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than other bone on the x-ray picture. These areas are called hot spots. These hot spots can show where your prostate cancer has spread to your bones. However, having hot spots does not always mean that there is cancer in your bones. Bone can break down and repair for other reasons. For example, if you have arthritis or have had a broken bone, this will show up as a hot spot. If you have cancer in your bones, you will want to be a little more careful when you do your daily activities. You will want to make sure that you do not fall. Be careful when you walk. Move things in your home that you could trip over like a footstool or loose area rugs. This will help keep you from falling and breaking an arm or leg.

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Your back also has bones in it called vertebrae. These are the bones that surround your spinal column. The spinal column carries nerve impulses (messages from your brain) to your muscles. These vertebrae can be weakened if your prostate cancer spreads to them. If your vertebrae break, it can place pressure on your spinal column, which can cause pain in your lower back and legs. It can also cause problems with the muscles in your bladder and bowel. This is called spinal compression.

If you do feel sudden pain in your back, ribs, arms or legs, let your doctor and Nurse Case Manager know right away. Your doctor may talk to you about having radiation therapy to kill the prostate cancer cells in your bones. Your doctor may also give you a medicine that helps your bones stay stronger.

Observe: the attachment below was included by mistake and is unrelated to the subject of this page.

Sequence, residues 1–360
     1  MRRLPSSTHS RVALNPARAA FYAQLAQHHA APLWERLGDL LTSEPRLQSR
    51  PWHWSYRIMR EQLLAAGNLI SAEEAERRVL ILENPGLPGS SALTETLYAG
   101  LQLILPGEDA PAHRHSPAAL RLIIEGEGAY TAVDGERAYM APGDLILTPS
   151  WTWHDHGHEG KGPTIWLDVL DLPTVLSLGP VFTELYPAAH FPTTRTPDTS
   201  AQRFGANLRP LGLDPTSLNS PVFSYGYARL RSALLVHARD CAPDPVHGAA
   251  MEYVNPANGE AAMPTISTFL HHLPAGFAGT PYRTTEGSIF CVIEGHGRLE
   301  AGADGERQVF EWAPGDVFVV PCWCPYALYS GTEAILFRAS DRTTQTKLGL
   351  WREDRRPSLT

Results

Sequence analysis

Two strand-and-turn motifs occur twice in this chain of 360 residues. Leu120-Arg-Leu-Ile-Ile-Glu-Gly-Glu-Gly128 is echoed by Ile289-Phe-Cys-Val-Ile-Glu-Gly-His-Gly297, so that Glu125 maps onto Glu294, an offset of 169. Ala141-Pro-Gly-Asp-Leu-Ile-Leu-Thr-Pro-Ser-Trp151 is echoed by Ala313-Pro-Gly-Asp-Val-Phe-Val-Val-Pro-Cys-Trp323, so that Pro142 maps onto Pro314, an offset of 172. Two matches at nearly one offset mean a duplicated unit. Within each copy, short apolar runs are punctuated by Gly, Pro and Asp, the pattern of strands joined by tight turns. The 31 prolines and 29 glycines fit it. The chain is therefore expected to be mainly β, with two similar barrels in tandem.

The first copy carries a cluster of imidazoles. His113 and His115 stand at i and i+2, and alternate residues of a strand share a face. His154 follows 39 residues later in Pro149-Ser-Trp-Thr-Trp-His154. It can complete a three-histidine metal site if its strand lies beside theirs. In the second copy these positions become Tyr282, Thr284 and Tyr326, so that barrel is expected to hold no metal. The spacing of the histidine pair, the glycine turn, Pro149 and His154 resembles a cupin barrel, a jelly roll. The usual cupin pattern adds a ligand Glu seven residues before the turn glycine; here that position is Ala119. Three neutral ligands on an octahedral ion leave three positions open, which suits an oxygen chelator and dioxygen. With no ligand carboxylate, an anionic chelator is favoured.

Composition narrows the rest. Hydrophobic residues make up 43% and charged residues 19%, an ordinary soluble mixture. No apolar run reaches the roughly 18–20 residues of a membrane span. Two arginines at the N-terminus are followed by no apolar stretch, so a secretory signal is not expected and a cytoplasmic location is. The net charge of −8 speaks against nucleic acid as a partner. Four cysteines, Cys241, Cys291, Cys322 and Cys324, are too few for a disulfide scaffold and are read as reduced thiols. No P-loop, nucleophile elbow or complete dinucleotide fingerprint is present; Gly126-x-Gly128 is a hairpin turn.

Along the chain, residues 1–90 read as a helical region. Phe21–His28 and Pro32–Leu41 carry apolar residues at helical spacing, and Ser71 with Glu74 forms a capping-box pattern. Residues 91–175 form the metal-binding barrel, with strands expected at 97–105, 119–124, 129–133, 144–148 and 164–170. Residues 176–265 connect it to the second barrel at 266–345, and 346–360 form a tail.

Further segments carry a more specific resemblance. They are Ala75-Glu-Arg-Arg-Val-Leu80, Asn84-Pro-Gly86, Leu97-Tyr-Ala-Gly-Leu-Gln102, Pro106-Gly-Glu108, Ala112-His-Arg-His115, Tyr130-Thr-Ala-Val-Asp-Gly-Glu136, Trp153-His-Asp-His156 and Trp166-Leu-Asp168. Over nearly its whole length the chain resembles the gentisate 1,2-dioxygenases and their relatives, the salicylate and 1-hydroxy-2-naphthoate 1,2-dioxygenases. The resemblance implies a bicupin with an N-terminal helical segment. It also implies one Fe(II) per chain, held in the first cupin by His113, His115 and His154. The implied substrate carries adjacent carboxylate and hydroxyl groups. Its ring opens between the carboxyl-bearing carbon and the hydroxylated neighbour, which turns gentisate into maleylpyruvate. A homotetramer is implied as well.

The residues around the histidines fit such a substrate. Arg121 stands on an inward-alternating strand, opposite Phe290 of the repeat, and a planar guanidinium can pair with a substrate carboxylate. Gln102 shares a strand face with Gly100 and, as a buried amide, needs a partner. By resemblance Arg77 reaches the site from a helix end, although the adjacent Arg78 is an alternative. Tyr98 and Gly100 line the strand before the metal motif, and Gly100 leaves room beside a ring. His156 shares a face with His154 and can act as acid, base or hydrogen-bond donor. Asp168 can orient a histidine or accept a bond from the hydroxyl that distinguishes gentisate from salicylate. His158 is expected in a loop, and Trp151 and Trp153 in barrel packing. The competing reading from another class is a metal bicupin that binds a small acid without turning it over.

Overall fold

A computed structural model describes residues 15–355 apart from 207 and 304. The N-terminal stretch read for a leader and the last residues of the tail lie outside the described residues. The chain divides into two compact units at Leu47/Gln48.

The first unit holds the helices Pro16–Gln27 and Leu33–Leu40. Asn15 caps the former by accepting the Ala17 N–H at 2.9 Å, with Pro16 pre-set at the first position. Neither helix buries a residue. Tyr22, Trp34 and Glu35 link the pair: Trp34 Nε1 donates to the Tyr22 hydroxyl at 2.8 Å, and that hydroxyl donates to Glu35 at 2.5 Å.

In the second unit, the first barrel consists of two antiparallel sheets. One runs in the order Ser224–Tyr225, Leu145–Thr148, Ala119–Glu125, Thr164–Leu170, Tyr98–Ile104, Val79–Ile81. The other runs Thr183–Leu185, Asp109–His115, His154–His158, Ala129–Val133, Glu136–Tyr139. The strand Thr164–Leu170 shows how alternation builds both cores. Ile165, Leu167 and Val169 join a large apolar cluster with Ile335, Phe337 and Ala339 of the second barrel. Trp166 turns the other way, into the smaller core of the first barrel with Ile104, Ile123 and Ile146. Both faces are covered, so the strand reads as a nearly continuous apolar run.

What Can I Do To Help Myself?

1. Getting support from others during this time is very important. Talk with those closest to you. If friends and family offer to help, let them.

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2.

Make a list of things that you could use some help with such as shopping, going to your doctors, fixing food or anything else. When someone asks what he or she can do, you can suggest something from your list.

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Sometimes, you may feel overwhelmed and unable to handle your feelings. You may feel very sad or not able to feel good about anything. Let your Nurse Case Manager and doctor know if you are feeling like this. You have a lot to deal with and sometimes it is very helpful to talk to someone who is trained in helping people get through difficult times, like a counselor. IMPACT pays for short-term counseling for you. Your Nurse Case Manager can help you with this.

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If you are doing or want to find out about other treatments in addition to what your doctor tells you to do, it is ok. Make sure that you tell your doctor about other treatments you are taking or doing.

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You can also take any medicine that is given to you by your doctor to help control symptoms like pain.

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Rest when your body feels tired. If getting tired easily is a problem, plan your activities with rest periods.

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Stay as active as your body will allow. Do the things you enjoy most. Just take it slower and with more rest.

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Make sure you eat as well as you can. If you need information about what foods you can eat to help strengthen your body, contact your Nurse Case Manager or the IMPACT dietitian.

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Enjoy the people closest to you. Enjoy life. Talk to your doctor or Nurse Case Manager about any questions you may have.